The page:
Email apps I'd like to see

It's amazing how many ways the simple task of composing an email can be abused. Here are the fantasy apps we'd like to see that will curtail this behavior.

A couple of weeks ago, I talked about a new app that is on the market that supposedly checks your emails for "tone" problems; that is, anything that might be taken wrong by the recipient. After that piece published, a TechRepublic member sent me the link to an old tongue-in-cheek app called Bullfighter. The website explains how it "works":

The Bull Composite includes the Bull Index and the Flesch Reading Ease indices. The Bull Index counts the frequency and severity of jargon, while Flesch focuses on sentence length and syllable count. If you want to clean up your score quickly, look for the 'High' penalty bull terms when you run Bullfighter. Nasty words like "leverage" hurt your score far more than innocuous but overused words like "global."

Oh, if only! But think about it: If this app were used, corporate communications would be severely affected. You'd start getting emails like this:

Hello staff,



Joe Schmo, VP of Employee Relations

That got me thinking about new e-mail add-ons that would make our lives much easier. Here are some I would like to have:

Caps Lock Lock - Apparently there are a good number of people out there who find it physically exhausting to click the Shift key at the beginning of every new sentence. They circumvent this drudgery by pushing the Caps Lock key and then scream-typing their way through an email. The answer? Caps Lock Lock, an email application that short-circuits the Caps Lock key so that a mere touch sends an electric jolt up the length of the arm. Reply All Stall - There is a time and place for the Reply All button, but I don't think it was meant to be used as prodigiously as it is by some people. If there is an email announcing a promotion, I don't need to get copied on 1,700 examples of congratulatory emails for that person. Shouldn't that kind of thing be kept between the promoted person and the person doing the congratulating? The answer to this dilemma is Reply All Stall, an app that renders the Reply All button useless, unless the user can furnish two good reasons why he or she really needs to use it. Text for Texters - Have you ever gotten an email that is so full of obscure text-y shortcuts that it actually has the opposite effect and slows your comprehension down (e.g., "4COL R U AAK?")? If you're sending an actual email, it is best not to populate it with texting shortcuts that make the recipient feel like he's deciphering a vanity license plate.  That's why we need the app Text for Texters that turns the standard qwerty keyboard into something more intuitive. Instead of the "u" key, the word "you" will be spelled out; "r" will become "are;" etc.  (I'm sorry, however, LOL and ROFLMAO won't even be invited to the party.) Cool Your Jets. Please explain to me the difference between these two questions:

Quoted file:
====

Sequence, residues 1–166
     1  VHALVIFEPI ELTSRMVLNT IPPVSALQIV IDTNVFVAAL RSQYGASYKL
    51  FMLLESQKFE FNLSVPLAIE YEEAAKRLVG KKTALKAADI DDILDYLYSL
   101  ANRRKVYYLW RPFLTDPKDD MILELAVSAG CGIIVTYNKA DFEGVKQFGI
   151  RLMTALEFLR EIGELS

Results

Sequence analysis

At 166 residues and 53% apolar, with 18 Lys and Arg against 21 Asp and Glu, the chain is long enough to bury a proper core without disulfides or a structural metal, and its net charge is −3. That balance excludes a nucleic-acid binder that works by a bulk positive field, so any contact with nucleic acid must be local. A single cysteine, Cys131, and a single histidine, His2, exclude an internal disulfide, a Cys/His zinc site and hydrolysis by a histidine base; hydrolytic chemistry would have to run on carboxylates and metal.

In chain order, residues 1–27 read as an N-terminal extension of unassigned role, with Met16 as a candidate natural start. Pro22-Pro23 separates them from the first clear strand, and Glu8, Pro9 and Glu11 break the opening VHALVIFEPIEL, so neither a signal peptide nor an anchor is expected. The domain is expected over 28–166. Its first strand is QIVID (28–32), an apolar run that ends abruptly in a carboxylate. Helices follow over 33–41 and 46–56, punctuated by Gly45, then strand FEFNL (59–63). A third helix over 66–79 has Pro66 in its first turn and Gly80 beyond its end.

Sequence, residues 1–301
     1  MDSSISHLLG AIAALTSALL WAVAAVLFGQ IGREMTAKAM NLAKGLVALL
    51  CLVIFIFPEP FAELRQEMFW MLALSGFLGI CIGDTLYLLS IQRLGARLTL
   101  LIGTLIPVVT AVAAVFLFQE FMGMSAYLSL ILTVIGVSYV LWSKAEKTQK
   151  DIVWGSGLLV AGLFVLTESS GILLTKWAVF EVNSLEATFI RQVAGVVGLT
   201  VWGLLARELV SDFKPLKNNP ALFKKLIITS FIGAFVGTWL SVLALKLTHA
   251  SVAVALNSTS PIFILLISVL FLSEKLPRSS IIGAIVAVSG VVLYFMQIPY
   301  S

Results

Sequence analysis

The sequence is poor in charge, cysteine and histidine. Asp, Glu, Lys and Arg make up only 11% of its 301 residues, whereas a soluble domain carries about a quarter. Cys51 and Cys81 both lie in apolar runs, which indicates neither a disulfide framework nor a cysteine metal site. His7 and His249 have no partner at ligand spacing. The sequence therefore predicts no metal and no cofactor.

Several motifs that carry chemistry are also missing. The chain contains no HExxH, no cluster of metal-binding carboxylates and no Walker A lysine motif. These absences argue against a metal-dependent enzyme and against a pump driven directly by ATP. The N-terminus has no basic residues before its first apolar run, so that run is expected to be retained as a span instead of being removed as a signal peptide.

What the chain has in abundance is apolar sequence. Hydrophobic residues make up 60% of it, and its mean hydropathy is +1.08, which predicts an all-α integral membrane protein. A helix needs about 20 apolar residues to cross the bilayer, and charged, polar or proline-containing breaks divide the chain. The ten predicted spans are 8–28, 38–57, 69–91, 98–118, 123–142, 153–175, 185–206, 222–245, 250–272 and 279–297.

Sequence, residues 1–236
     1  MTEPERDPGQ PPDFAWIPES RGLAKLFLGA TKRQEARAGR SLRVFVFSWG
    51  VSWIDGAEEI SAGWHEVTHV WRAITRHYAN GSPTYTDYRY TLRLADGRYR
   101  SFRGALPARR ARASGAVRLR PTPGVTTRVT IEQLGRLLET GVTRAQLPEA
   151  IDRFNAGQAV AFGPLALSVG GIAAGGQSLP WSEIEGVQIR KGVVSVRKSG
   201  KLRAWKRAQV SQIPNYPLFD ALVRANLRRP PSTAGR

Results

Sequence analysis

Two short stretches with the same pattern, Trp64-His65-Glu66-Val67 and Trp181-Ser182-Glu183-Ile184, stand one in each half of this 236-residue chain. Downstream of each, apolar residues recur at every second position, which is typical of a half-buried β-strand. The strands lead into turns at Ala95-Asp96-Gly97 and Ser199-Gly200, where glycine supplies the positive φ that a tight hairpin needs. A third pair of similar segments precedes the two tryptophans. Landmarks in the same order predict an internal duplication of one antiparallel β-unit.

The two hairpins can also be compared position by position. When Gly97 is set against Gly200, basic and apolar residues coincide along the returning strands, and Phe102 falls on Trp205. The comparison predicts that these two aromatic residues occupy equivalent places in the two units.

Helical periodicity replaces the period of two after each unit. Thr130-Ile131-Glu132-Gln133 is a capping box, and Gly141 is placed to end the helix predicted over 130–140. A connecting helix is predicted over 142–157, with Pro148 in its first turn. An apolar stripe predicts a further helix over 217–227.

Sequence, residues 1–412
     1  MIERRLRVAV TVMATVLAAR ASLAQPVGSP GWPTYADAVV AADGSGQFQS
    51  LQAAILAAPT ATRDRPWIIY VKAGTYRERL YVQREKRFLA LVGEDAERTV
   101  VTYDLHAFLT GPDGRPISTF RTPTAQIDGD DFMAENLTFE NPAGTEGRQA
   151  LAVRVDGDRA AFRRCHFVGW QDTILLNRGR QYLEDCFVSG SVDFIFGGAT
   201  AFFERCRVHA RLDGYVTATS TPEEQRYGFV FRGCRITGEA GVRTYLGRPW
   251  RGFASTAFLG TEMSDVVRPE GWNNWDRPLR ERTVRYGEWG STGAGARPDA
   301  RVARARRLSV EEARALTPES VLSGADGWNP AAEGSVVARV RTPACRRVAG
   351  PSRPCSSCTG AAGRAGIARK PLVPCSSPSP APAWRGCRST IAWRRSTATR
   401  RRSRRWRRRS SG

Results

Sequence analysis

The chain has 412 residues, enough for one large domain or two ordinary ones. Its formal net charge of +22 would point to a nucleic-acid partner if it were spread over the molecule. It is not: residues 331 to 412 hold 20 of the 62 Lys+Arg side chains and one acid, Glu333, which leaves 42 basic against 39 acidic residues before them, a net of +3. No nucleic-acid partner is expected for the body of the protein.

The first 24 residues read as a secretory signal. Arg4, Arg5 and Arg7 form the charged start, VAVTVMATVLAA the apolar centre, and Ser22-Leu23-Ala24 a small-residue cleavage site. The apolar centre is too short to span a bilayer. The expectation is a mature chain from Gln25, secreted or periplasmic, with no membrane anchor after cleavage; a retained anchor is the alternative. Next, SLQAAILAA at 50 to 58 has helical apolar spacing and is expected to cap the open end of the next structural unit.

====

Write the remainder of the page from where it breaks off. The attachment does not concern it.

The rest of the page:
What time is the meeting?

What time is the meeting?????

Is the second one meant to convey that you really want the answer as opposed to just being conversational? Regardless, the new Cool Your Jets app prevents anyone from using excessive punctuation in their email messages. No more multiple exclamation points unless, of course, you are in need of medical attention because you've used the Caps Lock key unadvisedly (see above).